HC461 The Hospital and the Community: Issues specific to the organization and administration of hospitals, their scope of services in relation to community need, and relationships with community health care services. Topics covered dealing with the unique aspects of administration of hospitals and internal departments include improvement of organizational performance, personnel productivity, strategic planning, cost containment, materials management, image in the community, medical staff recruitment, patient census and utilization of services and contracting for services from external suppliers. 3:0:3

Educational Philosophy:
Education must involve learning and application.  This course will provide learning opportunities for students through readings and lectures.  Through exams and especially through class discussions and case studies, students will have the opportunity to apply what they have learned to demonstrate the information is useful in the real-world, day-to-day management of the relationships between hospitals and the communities they serve.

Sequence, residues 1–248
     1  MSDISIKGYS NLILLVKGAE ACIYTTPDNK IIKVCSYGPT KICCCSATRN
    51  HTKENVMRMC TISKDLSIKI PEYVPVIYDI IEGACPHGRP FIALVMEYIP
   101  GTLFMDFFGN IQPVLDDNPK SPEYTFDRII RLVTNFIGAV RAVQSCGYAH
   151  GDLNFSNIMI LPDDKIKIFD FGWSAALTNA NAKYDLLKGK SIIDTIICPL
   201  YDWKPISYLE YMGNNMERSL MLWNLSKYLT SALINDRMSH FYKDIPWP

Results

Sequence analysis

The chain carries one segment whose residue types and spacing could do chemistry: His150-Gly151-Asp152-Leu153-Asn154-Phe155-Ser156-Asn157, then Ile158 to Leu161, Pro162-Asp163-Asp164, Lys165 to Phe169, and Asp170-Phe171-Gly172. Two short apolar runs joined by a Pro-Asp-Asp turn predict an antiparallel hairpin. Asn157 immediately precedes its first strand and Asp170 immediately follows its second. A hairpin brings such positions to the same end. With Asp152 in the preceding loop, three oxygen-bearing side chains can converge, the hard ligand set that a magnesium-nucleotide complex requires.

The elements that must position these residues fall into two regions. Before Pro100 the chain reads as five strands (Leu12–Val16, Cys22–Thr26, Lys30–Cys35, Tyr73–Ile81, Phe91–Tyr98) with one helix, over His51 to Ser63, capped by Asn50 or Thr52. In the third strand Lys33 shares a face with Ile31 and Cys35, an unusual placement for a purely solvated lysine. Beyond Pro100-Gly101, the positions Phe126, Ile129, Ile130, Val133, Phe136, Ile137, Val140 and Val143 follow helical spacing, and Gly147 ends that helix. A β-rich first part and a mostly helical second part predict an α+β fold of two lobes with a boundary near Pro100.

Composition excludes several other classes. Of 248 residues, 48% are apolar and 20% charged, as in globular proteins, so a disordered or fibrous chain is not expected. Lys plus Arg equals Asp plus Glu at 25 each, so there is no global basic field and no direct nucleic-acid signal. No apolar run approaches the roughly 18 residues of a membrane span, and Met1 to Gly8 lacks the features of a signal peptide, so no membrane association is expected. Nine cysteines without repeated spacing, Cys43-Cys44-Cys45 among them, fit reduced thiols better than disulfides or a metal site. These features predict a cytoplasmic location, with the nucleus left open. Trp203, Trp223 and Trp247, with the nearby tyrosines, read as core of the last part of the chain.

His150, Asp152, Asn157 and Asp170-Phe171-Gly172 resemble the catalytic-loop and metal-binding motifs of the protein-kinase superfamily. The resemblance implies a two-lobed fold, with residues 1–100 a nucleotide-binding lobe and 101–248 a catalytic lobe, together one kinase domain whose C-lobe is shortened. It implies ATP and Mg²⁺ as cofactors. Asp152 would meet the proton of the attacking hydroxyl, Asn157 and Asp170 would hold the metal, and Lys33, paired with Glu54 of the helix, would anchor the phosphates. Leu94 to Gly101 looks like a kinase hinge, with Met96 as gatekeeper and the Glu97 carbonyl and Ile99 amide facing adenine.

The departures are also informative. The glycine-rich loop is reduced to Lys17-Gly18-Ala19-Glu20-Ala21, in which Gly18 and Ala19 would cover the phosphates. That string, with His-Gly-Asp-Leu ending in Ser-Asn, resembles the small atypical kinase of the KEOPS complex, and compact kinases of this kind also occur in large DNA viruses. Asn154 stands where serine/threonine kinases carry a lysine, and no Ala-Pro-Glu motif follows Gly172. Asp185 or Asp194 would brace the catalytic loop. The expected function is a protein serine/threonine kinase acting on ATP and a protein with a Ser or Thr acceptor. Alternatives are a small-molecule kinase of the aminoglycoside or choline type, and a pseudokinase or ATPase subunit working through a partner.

Learning Outcomes:
  Core Learning Outcomes

  1. Students will explain the governing bodies of hospitals.
  2. Students will justify the role of the hospital in and to its community.
  3. Students will compare and contrast the various departments and ancillary services of the hospital.
  4. Students will integrate concepts such as organizations, personnel and professional relationships, strategic planning, cost containment and other factors in the improvement of the organization's performance.

  Instructor Learning Outcomes
  1. 5.  Students will identify and discuss the interrelated concepts, principles, standards and problems encountered by hospitals and health resources in the community in the delivery of health care.
Core Assessment:

Class Assessment:

1.  Class assignments:  Students are responsible for the completion of all reading assignments prior to class.  Prior preparation is paramount for the development of meaningful classroom discussions. 
2.  Exams:  1 midterm exam and one final exam.  Exams will be comprehensive and cover material discussed in class and presented in the book.